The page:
REID: We’ve mentioned court performance a few times there, so let’s think about that for a second. A court performance was sort of the epitome of performance for an acting company; it was the ultimate goal, but would this provide an opportunity to meet the reigning monarch?
CHOUHAN: So, in terms of court performances, we know that the Lord Chamberlain’s Men then became the King’s Men in 1603 when King James I took the throne, and with the responsibility of being a playing company comes the ability and the need to adapt to your audience, and by definition of being in the King’s Men, you are going to be commanded in front of the King: you’re going to have to rock up in front of James I and perform, and we know that Shakespeare absolutely did that on several occasions in front of James. In terms of Queen Elizabeth: yes, he was commanded to royal performances, but the likelihood of him knowing Elizabeth personally is so slim, I don’t even know where to start with that.
REID: So that was Anjna who’s a lecturer in Shakespeare Studies at the Shakespeare Birthplace Trust, and she clearly thinks the same as everyone else today, that no, Shakespeare would not have known Elizabeth I.
So let’s stay for a minute on court performance: to be able to act at court in front of the monarch, a company and its plays would had to have been vetted by the Master of the Revels. The Master of the Revels was in charge of, amongst lots of other things, theatrical performance at court, or the ‘revels’ - hence his name. Now, he would have had the power to have edited and sensored the plays to remove anything that might have been deemed offensive or shocking to the audience, but what sort of things would he have seen fit to remove from Shakespeare’s plays? It occurs to me that, although there are some pretty tame cuss words in the plays, there are certainly plenty of dirty jokes, so back to Anjna to explain this.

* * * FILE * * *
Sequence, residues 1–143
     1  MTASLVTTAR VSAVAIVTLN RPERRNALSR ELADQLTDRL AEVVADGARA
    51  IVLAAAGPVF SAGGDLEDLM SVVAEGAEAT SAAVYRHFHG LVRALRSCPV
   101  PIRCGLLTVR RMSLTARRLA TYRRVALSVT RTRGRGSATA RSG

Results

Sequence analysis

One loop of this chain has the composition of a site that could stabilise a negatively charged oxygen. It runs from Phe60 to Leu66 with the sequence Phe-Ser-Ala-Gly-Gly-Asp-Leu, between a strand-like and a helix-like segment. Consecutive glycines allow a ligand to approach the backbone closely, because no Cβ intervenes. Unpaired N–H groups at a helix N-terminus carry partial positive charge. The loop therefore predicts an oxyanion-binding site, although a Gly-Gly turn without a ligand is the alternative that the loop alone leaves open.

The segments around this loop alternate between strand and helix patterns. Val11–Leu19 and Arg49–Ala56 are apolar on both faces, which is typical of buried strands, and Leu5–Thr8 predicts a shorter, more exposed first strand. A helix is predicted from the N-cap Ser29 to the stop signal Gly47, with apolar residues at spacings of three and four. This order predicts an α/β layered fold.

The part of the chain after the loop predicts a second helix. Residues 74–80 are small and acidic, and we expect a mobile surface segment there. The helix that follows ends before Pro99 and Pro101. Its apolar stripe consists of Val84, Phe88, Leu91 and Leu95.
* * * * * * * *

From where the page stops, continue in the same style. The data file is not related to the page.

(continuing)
CHOUHAN: So, Shakespeare wasn’t the only playwright that was subject to the laws of censorship. I mean, obviously you’ve got… the Master of the Revels, for example, is making sure that all these plays conform to standards of respectability, and also are not being blasphemous - I mean there are blasphemy laws, for example, that come in towards the end of the 1600’s, which mean that, when plays are published, things get edited out and moved around. For example, there’s lots of insults and lots of blasphemy in Henry IV Part I, and lots of those insults had to get chopped around, so references to ‘God’ and ‘God’s foot’ and, you know, when you make expostulations that pertain to blasphemous origins, those things get moved around/get edited because of censorship laws. So you cannot have playwrights writing plays about monarchs being deposed. It’s not just disrespectful to Elizabeth, it is also a way of enlisting, or somehow eliciting this kind of discontent amongst a mass of people and suggesting that it is OK. I mean, yes, it’s OK to feel discontented with your authority, but the very idea you could countenance deposing a monarch - which is what Shakespeare does in Richard II - it is extraordinary that he got away with it. [laughs] It is absolutely extraordinary. I mean, we know at the time that that particular scene when Richard II is deposed by his cousin Henry Bolingbroke was not performed because it was so outrageous. The idea that you could depose a divinely ordained monarch and take away that divine right was - it’s insane.
REID: So the last clip I have today is from Ben Crystal, and I always end with a clip from Ben, perhaps because he has a good way of summarising the discussion, but, as always, I apologise for this quality of the recording; you can hear the full symphony of London City centre sounds around us.